In the 1994 film ‘Eat Drink Man Woman’ directed by Ang Lee, the main character, a chef, explains life as he sees it : you eat, you drink, and you find yourselves a woman or a man to spend your life with. That’s basically what we do in life. The movie title might be an exaggerated generalization of what life is about, but it contains a fundamental truth. In order to stay alive, we eat. We eat because we have to. We also eat because it’s sociable, it has a social function. What we eat has a profound impact on our overall health. Since eating is so central to our everyday lives, shouldn’t we be more critical of what we eat, and how we eat it?
Food that is halal must also be tayyib
As Muslims we know that that are some very clear rules about what we can and cannot eat. Allah has decreed most foods lawful (halal), but some are forbidden (haram). We are very well informed about the principle of halal and haram. We all know alcohol and pork are forbidden, and we all know where to find halal certified products. We are less well informed however, about the islamic principle of tayyib, mentioned often in the Quran. Tayyib can be translated as ‘pure, good, nutritious, safe, wholesome, ethical’.
Oh people! Eat from the good lawful things of the earth and do not follow in the footsteps of the Devil, as he is a clear enemy to you.” [Qur’an, 2: 168]
Many quranic verses mention the importance of food that is tayyib. This particular verse clearly stipulates the interconnection between both. What we eat must be halal and it must be tayyib . That which is not tayyib, is forbidden for muslims to consume. Hence, that which is halal, must also be tayyib. Islam is, as we all know, not only concerned with the lawful, but also with the good. Unfortunately, many muslims are unaware of this important principle. Most of us just seem to be concerned with whether or not an animal was slaughtered the islamic way. We care less about how the animal was treated before it was slaughtered, what it was given to eat, if a worker was given a decent wage, etc. We care less about the ethical, the tayyib. Yet living a tayyib lifestyle is an obligation.
Much of what we eat today, does not comply with islamic standards
Without proclaiming myself a true scholar, I do not believe that much of what we eat is truly halal, given the disastrous impact of large-scale agriculture on animal, human and environment. Halal is organic. Halal is fairtrade. If we were truly to take tayyib into consideration, and if we were truly to enforce the islamic requirements in order to label a certain product lawful, much of what we now believe to be halal would actually not be halal at all.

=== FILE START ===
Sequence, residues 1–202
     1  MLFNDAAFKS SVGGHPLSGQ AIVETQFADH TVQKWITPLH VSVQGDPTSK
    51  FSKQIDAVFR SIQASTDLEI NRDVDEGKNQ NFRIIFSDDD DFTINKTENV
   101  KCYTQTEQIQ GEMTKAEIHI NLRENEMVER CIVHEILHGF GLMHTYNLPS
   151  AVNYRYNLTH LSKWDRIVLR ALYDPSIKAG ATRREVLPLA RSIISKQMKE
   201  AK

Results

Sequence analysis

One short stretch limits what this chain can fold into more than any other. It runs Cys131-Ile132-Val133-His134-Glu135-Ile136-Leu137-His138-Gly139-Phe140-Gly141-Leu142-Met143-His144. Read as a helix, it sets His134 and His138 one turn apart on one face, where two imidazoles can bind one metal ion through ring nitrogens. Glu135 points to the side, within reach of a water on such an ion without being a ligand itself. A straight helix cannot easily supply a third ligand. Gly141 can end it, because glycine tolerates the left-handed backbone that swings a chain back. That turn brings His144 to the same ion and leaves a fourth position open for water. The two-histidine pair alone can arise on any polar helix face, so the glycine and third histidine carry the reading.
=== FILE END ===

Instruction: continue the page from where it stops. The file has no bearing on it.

Commercial factors in the industry have led to horrible conditions for animals and a range of environmental problems, like water depletion and deforestation. In the poultry industry, chickens are kept in little cages. Due to rapid increase in weight, their legs are unable to keep them up, causing fractured bones, making them unhealthy. Cows are given antibiotics and hormones. They see, smell and hear how other cows are slaughtered. Pesticides are commonly used on vegetables, to prevent weeds. These practices are incompatible with Islam, as are the effects of the large-scale industry. If a cow was treated horribly, slaughtering it the islamic way will not make it tayyib.
We are obsessed with cheap meat. It often amazes how much so many of my fellow muslims are willing to pay for smartphones, shoes, or a new car, yet they cut down on something as important as food. There is something very much wrong with a whole chicken that costs a little more than two dollars. A culture of cheap food with very low regard for the animal or the environment is alien to Islam. Can we knowingly and willingly participate in this system without feeling guilty towards Allah?
What can we do?
If one wants to be sure that food does not contain harmful additives, antibiotics, pesticides, and so on, organic is the way to go. It’s true that organic, halal products are not widely available. But more and more Muslims are becoming conscious of the negative consequences of the industry, for human, animal and environment. There are some local initiatives which have proven to be successful. In Brussels ‘Palais de Balkis’ and ‘Green Halal’ offer organic, halal meat. In Oxford, in the UK, Lutfi Radwan and his wife Ruby Radwan run Willowbrook farm, an organic, halal farm. Apart from halal & organic initiatives, the organic industry in itself has been growing annually. In 2014, the industry was worth 39 billion dollars in the US, and an estimated 25 billion dollars in Europe.
Vegetables, cheese, bread, eggs, and actually most foods, don’t necessarily need a halal label for muslims to eat. Organic brands of these products are now widely available. Fairtrade and organic products are often expensive, but for many vegetables the difference in price is often negligible. Eating less meat is of course of importance, beneficial for the environment and your wallet, and for your health. And last but not least, anyone with a garden, even a little garden, can keep a chicken or two. It doesn’t cost much money, effort or time, and provides you with fresh eggs, and an occasional organic dish of tavuklu bulgur pilavı.